Another, Cleveland Grover Meredith Jr, allegedly wrote in a text to a friend that he was thinking of ‘putting a bullet in [Pelosi’s] noggin on Live TV’.

Another text allegedly reads: ‘I’m gonna run that c**t Pelosi over while she chews on her gums.’ 

According to officials, a third text from Meredith, who is a married, father-of-two, says he has ‘a sh*t ton of … armor piercing ammo’.

Meredith is one of 13 people who have been charged with federal crimes. 

Pelosi told Stahl: ‘The evidence is now that it was a well-planned, organized group with leadership and guidance and direction. And the direction was to go get people.

‘They were vocally saying, ‘Where’s the speaker? We know she has staff. They’re here someplace. We’re going to find them.”  

Prosecutors say these charges are just the beginning. Authorities said Friday that additional cases remained under seal and dozens of other people were being sought by federal agents

Cleveland Grover Meredith Jr (pictured) allegedly texted friends that he wanted to shoot or run over Nancy Pelosi

While the mayhem was unfurling, Pelosi and other Congressmen had been taken to a safe location.

She was unaware until later what had happened in her office. 

‘When the protesters were making the assault on the Capitol, before they even got to these doors, the Capitol Police pulled me from the podium,’ she said. 

‘And I was concerned because I said: ‘No, I want to be here.’ 

‘And they said: ‘Well, no, you have to leave.’ 

‘I said: ‘No, I’m not leaving.’ 

‘They said: ‘No, you must leave.”

Pelosi said that she was disgusted that some Congressmen still voted to overthrow the election results, when the session resumed.  

‘After the violence. Shame on them,’ she said.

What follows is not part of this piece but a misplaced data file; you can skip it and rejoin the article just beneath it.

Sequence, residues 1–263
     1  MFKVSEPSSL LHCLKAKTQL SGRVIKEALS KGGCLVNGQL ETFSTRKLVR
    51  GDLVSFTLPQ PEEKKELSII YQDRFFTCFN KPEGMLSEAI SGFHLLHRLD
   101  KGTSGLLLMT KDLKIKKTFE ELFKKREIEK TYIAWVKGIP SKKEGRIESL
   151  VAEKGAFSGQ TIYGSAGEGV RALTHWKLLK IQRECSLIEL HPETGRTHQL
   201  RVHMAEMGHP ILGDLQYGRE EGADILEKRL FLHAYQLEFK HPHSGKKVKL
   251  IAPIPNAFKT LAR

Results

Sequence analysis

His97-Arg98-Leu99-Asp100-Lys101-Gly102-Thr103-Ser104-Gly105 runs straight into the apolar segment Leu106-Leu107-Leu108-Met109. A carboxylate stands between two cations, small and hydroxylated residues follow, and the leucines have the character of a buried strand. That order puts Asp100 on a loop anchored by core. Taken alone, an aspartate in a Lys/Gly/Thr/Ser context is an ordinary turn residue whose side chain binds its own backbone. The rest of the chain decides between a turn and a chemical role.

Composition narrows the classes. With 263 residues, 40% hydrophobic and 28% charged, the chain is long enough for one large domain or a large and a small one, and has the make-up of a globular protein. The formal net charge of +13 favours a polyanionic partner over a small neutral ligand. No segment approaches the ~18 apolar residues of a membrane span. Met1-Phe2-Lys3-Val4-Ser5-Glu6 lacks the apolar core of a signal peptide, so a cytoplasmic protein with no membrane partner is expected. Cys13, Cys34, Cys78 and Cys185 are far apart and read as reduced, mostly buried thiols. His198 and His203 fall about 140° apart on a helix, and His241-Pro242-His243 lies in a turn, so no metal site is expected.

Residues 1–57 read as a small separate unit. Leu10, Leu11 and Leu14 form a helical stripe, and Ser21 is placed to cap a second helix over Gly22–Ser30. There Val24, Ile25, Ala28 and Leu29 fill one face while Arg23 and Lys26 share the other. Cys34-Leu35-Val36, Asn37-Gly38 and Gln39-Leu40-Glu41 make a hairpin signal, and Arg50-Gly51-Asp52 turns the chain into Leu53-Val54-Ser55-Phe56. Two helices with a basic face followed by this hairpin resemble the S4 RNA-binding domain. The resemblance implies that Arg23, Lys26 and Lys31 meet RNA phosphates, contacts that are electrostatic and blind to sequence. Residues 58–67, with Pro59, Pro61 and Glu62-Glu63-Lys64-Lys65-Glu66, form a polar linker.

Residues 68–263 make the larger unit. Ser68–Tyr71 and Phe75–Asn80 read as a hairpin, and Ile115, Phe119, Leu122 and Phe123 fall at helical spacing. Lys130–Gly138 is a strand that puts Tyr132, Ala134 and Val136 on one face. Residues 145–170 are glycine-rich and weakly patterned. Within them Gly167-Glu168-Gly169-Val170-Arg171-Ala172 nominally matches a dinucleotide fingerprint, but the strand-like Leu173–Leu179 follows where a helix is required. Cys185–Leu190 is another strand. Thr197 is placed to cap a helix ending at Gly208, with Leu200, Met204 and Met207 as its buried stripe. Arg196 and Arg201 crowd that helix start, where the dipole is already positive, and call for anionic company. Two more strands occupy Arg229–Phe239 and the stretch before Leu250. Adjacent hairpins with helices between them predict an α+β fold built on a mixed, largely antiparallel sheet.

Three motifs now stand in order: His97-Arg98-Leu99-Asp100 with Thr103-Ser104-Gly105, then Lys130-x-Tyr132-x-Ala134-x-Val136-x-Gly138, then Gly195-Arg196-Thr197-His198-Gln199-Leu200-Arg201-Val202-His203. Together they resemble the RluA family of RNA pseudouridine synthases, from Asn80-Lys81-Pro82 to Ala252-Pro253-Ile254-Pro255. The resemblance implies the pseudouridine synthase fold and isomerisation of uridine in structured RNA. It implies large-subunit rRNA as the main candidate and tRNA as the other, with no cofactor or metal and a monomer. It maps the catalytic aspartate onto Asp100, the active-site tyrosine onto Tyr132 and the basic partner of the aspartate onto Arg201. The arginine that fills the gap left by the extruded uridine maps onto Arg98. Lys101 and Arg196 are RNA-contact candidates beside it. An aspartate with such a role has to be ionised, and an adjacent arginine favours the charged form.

‘And shame on two-thirds of the Republican caucus in the House supporting… so these people are enablers of the president’s behavior.’

In one text, Meredith allegedly wrote that he was thinking of ‘putting a bullet in [Pelosi’s] noggin on Live TV’. Another allegedly reads: ‘I’m gonna run that c**t Pelosi over while she chews on her gums’

Pelosi wrote to her Democrat colleagues on Sunday night to explain the next steps

On Sunday night Pelosi wrote to her Democrat colleagues to say that, unless Mike Pence invokes the powers of the 25th Amendment to remove Trump from office, they will proceed with impeachment.  

Trump could become the only president to be impeached twice.

‘In protecting our Constitution and our Democracy, we will act with urgency, because this President represents an imminent threat to both,’ she said, and added: ‘The horror of the ongoing assault on our democracy perpetrated by this President is intensified and so is the immediate need for action.’

She, and other Democrats, further fear the president could pardon those involved in the storming of the Capitol in his final days. 

Pelosi’s plan seeks a vote on Monday on a resolution calling on Pence and Cabinet officials to invoke the 25th Amendment. Under rules when the full House is not convened, any objection would reject the resolution. 

Pelosi would then put the resolution before the full House on Tuesday. 

If it were to pass, Pence and the Cabinet would have 24 hours to act before the House would move toward impeachment.

Pelosi showed Stahl where the rioters had smashed through her office door to enter

Pelosi told 60 Minutes on Sunday that she wants impeachment for Donald Trump so he can’t run for office in the future